Discrepancies in the Christopher saga
McCarry apparently wrote The Miernik Dossier with no idea that Christopher would go on to become the hero of future novels. As the Christopher saga expanded and background details were fleshed in, discrepancies arose between the newer books and what the reader had been told about Christopher in earlier books, including this one. The Last Supper, published in 1983, begins with a long section about Christopher's parents and his birth and upbringing in post-World War I Weimar Germany. Not only is it clear that he has no brothers or sisters, McCarry even has a disclaimer at the end of the book:
In an earlier novel, Christopher was said to have an older brother, his parents' favorite child. Readers of The Last Supper will recognize that this was unfounded gossip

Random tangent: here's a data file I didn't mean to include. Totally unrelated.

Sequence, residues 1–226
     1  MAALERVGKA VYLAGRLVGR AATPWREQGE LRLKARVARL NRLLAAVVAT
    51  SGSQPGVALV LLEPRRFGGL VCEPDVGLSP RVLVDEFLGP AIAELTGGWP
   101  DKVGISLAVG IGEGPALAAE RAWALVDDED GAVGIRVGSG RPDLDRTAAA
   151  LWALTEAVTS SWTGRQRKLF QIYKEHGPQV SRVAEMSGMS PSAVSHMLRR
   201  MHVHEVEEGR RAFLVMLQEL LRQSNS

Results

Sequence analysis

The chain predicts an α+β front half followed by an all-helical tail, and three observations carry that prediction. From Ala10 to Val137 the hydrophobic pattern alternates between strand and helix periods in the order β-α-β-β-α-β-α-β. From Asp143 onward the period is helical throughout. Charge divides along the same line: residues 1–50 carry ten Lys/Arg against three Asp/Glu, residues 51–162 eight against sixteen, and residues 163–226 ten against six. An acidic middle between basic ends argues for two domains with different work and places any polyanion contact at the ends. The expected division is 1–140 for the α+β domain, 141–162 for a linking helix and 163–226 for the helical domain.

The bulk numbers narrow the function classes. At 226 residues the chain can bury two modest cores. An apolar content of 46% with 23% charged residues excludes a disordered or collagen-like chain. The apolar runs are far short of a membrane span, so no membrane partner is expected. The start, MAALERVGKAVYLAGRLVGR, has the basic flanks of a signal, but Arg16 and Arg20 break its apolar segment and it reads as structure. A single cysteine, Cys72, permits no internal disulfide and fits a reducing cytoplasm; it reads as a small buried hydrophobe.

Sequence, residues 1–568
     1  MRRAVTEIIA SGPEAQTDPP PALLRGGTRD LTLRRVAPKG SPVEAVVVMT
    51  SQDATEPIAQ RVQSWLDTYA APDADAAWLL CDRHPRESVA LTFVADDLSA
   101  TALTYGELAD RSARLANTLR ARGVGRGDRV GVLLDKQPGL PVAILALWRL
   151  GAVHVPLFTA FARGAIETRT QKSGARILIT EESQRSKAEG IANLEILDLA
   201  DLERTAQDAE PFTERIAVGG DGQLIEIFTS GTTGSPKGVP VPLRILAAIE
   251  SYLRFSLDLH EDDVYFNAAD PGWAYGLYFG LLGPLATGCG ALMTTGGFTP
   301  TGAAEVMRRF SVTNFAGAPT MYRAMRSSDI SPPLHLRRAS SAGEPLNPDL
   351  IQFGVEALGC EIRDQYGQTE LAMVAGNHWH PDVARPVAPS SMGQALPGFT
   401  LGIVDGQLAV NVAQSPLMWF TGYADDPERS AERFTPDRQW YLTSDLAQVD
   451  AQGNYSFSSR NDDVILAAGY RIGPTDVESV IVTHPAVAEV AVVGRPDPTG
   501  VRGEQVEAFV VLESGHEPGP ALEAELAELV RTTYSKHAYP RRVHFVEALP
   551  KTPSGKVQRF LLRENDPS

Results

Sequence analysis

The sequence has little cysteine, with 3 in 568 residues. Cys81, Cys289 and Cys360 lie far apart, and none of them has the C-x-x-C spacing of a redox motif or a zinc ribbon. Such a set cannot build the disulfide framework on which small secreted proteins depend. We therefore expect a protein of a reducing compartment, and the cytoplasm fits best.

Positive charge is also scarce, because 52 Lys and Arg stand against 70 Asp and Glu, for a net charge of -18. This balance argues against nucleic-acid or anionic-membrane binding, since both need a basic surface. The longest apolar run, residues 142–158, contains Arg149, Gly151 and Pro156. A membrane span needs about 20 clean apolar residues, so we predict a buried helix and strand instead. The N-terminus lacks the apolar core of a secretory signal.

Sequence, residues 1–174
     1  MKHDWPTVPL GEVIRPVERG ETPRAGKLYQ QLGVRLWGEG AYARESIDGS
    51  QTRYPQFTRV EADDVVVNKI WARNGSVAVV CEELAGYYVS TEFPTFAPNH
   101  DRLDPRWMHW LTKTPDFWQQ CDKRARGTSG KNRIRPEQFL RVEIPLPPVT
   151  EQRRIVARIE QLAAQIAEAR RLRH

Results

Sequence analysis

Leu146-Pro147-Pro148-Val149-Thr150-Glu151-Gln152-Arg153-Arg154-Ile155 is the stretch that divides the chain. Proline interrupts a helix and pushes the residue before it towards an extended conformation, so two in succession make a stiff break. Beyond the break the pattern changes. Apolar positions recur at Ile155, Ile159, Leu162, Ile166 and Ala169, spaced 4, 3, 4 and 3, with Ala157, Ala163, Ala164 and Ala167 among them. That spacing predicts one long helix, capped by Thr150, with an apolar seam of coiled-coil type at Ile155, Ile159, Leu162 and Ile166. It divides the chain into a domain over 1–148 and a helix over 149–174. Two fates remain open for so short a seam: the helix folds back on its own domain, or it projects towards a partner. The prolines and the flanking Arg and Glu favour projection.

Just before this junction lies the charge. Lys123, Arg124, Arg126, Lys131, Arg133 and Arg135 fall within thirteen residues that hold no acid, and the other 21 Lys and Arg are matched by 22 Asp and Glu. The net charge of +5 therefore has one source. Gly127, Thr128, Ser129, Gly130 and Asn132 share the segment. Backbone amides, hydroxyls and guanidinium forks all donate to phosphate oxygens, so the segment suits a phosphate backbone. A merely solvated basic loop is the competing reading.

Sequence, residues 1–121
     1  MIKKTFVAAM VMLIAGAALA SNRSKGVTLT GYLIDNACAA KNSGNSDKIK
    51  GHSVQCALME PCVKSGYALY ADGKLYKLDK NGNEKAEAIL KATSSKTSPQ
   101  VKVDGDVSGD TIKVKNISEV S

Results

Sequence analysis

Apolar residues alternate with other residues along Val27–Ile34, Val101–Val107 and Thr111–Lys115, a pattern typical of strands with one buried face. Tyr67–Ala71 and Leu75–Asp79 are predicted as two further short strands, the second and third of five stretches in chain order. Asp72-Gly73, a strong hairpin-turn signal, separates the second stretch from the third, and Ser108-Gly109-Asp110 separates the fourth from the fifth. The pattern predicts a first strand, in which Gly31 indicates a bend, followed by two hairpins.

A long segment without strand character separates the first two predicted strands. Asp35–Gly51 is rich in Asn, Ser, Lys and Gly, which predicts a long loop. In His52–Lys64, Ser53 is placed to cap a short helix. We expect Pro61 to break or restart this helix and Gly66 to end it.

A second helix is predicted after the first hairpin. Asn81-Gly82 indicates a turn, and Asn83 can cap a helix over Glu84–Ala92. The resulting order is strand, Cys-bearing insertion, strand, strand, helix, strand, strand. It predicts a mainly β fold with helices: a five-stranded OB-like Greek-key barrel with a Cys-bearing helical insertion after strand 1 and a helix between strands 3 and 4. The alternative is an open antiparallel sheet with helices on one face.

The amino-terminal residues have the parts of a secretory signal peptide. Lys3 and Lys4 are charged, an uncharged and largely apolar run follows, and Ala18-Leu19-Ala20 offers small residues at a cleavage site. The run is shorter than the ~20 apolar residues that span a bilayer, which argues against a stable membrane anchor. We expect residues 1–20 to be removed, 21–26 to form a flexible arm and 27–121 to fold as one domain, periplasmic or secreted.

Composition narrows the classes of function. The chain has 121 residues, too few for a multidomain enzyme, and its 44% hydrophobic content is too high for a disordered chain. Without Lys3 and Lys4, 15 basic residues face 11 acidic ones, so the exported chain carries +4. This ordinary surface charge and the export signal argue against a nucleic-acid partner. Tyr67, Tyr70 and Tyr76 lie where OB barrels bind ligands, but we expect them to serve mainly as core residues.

- Twentieth Century Crime and Mystery Writers, John M. Reilly, editor, St. Martin's Presss New York, 1980, page 1038
- McCarry 2007, p. 17
- McCarry 2007, p. 256
- McCarry 2007, p. 55
- McCarry 2007, p. 103
- McCarry 2007, p. 77
- McCarry 2007, p. 121
- "Criminals at Large," by Newgate Callendar, The New York Times, July 8, 1973
- "John Gross. Books of The Times; A Romantic Tale of the New World. The New York Times, August 23, 1988
- Alan Furst. "Books: Five Best: These five are unsurpassed says novelist Alan Furst". The Wall Street Journal, June 13, 2009
- Twentieth Century Crime and Mystery Writers, John M. Reilly, editor, St. Martin's Presss New York, 1980, page 1038 for both quotations
- The Last Supper, Signet, New York, May 1984, paperback edition, page 442